Skip to Main Content

Coyotes to honor Roenick, don throwback jerseys

by Jerry Brown

GLENDALE, Ariz. -- Coming from the Chicago Blackhawks, an Original Six franchise with history and tradition, to the Arizona desert and a team in its inaugural season was a big change in itself for Jeremy Roenick 19 years ago.

But when he was introduced at a press conference as a new Phoenix Coyote in August 1996, Roenick had another surprise waiting: the color-splashed, kachina-inspired sweater he slipped into in front of the cameras.

But there was one more surprise: He loved the "RoboCoyote" right away.

"I know that jersey gets a lot of grief, but I liked it. I liked it from the first time I saw it," Roenick said. "Not everyone liked them and it was about 50-50 in the dressing room. There was a lot of, 'I can't believe we have to wear this thing.' I don't think (Coyotes captain) Keith Tkachuk liked them very much, but he doesn't like anything, so what's new?

"But to me, they were creative and unique and they were colorful. They stood out."

Perhaps it's not a big surprise he was drawn to the sweater. Creative, unique and colorful is perfect description of Roenick, who scored 152 of his 513 NHL goals during six seasons with the Coyotes and became one of the most popular players in their history.

His name is in the Ring of Honor at Gila River Arena and he's the perfect poster boy for their first Throwback Night on Thursday against the Vancouver Canucks. The Arizona Coyotes will put away their red-and-white home jerseys for the black throwbacks of 1996-2003 and 5,000 fans will receive Roenick bobbleheads with him wearing the old-school logo.

"I love the bobblehead they are giving away," he said. "It's the only one with the throwback jersey that they've done and I think it's the most lifelike of all the ones they've done of me. I want this one."

Former teammates Greg Adams, Sean Burke, Keith Carney, Craig Janney and Nikolai Khabibulin will join Roenick on the ice for a pregame puck drop. Janney and Khabibulin were teammates along with Tkachuk, Mike Gartner, Rick Tocchet and Cliff Ronning on the early, potent Coyotes who earned an immediate following in Arizona but couldn't push past the first round of the Stanley Cup Playoffs.

Three of the 42 players who have scored 500 NHL goals (Gartner, Roenick and Tkachuk) were on the first Coyotes team, and Tocchet (440 goals) joined them a year later when they had the eventual Stanley Cup champion Detroit Red Wings on the ropes before losing in six games.

"The town was rocking and we were playing well. Then we lost Khabibulin to an injury and that really hurt us," Roenick said. "That's why I know there is a good fan base there. I've seen it.

Jeremy Roenick scored 152 goals and 227 assists in 454 games with the Coyotes franchise. (Getty Images)

Jeremy Roenick (Click to enlarge) Photo: Getty Images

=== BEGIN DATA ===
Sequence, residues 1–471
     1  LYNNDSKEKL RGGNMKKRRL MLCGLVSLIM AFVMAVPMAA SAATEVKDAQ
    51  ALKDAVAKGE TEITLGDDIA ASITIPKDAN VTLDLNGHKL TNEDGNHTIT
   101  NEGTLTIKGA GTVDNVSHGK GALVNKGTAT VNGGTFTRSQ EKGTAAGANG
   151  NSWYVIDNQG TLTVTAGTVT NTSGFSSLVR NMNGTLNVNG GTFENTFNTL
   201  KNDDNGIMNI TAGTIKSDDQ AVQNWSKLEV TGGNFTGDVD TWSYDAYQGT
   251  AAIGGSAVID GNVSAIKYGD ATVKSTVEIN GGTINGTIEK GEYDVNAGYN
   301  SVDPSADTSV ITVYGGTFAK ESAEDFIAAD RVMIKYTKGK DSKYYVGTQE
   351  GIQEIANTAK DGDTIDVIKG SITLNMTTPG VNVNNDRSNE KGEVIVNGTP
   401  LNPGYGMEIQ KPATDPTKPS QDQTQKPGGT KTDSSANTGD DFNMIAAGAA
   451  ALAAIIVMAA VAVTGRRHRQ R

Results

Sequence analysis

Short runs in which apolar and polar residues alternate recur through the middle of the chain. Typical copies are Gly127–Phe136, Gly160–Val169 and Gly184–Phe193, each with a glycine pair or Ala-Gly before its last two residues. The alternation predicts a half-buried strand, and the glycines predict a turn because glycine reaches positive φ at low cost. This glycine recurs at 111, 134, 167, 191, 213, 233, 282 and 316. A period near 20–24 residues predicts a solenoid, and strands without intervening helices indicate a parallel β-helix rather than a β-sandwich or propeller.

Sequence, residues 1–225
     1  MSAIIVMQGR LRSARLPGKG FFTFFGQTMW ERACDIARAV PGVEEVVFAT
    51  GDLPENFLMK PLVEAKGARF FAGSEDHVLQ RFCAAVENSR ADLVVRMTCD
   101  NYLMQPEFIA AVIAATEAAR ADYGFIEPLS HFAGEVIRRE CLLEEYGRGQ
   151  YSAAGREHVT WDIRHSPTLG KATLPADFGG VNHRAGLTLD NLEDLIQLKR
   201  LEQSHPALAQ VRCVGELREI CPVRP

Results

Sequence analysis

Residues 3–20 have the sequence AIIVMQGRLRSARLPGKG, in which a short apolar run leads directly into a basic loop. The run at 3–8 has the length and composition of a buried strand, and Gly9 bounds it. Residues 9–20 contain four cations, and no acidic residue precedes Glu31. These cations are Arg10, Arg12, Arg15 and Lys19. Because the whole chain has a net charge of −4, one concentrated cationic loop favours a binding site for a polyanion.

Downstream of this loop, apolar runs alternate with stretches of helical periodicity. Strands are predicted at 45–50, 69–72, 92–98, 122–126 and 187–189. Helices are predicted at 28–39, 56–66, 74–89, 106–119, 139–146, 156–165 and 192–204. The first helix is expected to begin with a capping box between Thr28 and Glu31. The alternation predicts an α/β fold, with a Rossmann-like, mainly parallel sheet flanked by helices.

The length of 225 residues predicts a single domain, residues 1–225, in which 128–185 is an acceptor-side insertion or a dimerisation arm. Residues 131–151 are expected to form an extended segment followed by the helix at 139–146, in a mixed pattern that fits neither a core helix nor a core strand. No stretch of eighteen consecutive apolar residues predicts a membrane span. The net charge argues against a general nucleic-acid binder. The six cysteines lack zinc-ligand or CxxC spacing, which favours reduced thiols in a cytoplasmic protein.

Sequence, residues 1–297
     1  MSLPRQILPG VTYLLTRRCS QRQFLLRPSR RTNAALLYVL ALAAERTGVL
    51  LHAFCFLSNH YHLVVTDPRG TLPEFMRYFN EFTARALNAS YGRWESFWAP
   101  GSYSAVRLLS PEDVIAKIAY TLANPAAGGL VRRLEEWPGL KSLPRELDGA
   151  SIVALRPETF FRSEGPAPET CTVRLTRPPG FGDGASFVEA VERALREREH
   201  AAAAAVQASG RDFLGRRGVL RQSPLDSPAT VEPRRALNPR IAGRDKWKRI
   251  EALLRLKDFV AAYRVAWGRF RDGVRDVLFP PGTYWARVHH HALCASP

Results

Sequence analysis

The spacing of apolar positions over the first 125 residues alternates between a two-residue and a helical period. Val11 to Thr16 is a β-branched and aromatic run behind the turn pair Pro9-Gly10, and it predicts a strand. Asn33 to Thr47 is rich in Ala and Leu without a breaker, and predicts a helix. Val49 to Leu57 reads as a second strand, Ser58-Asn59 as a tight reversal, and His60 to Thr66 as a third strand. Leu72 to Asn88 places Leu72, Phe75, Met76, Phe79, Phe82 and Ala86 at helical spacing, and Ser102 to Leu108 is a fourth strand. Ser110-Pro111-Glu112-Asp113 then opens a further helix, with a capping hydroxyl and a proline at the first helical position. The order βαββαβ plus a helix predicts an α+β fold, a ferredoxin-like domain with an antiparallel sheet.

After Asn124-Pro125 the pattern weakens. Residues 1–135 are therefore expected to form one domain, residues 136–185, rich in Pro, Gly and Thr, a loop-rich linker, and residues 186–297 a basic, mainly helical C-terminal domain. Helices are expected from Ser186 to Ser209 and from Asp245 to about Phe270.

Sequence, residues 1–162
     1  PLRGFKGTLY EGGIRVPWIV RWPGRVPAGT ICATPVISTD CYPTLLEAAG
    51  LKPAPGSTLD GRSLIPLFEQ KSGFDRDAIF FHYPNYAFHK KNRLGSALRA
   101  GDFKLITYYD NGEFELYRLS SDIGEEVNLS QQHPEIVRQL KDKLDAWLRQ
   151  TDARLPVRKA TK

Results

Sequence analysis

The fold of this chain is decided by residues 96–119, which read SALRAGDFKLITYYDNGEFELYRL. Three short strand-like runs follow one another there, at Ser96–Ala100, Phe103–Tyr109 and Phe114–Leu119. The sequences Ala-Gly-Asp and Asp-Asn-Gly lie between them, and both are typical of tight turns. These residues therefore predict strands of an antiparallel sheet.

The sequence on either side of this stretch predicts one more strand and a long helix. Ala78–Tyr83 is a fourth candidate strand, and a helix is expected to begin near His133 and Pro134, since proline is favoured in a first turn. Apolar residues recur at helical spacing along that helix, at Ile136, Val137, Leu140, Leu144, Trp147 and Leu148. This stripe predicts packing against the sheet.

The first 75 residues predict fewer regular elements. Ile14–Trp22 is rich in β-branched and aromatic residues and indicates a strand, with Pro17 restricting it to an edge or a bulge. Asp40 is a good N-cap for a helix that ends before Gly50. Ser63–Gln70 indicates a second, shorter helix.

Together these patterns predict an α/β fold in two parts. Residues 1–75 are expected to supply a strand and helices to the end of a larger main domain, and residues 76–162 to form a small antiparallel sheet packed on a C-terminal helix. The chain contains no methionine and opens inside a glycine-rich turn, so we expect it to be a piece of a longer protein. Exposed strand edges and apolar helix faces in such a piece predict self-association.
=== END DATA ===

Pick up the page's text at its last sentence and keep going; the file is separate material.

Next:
"I know they built the arena in a difficult place (West Glendale), and you have to give people a reason to drive out there to see you. You need some big names, aka myself and Keith Tkachuk, those guys that people love or hate, but want to watch either way. Shane Doan has been a great player and ambassador for the team, but he's the ultimate nice guy. We were cocky, arrogant and tough to play against. It was a good story every night."

Though Thursday will be about looking back, the event comes when the Coyotes are in  another state of flux, with a focus on the future.

Three years after reaching the Western Conference Final for the first time, the Coyotes have one of the NHL's worst records. General manager Don Maloney reset the organization at the NHL Trade Deadline, trading defensemen Keith Yandle and Zbynek Michalek and center Antoine Vermette to playoff contenders in return for prospects and draft picks that will make up a 3-5 year rebuilding plan.

Roenick said he approves of the plan and the biggest moves.

"You have to rebuild. It's the only way to go," he said. "They haven't won anything. They had a nice playoff run (in 2012) and they had a hot goalie (Mike Smith) who won two playoff rounds for them by himself. They haven't been to the playoffs in three years and it was getting worse.

"Now they are acquiring young players and draft picks and the ownership situation is positive. They understand what is needed. I like the Vermette deal. They got a first-round pick, which is a prime commodity. They got one from the Rangers too, and I really like the kid they got for Yandle (forward Anthony Duclair), he has a lot of pizzazz to his game and he's a goal-scorer with a lot of energy and ability. But they paid a heavy price.

"I love Keith Yandle. He's one of the most talented defensemen in the League. I know they have [Oliver] Ekman-Larsson to be that guy for them, but you look at Yandle's offensive numbers on that team without a lot of firepower up front. I'm really interested to see what happens with him on a team like the Rangers."

View More

The NHL has updated its Privacy Policy effective January 16, 2020. We encourage you to review it carefully.

The NHL uses cookies, web beacons, and other similar technologies. By using NHL websites or other online services, you consent to the practices described in our Privacy Policy and Terms of Service, including our Cookie Policy.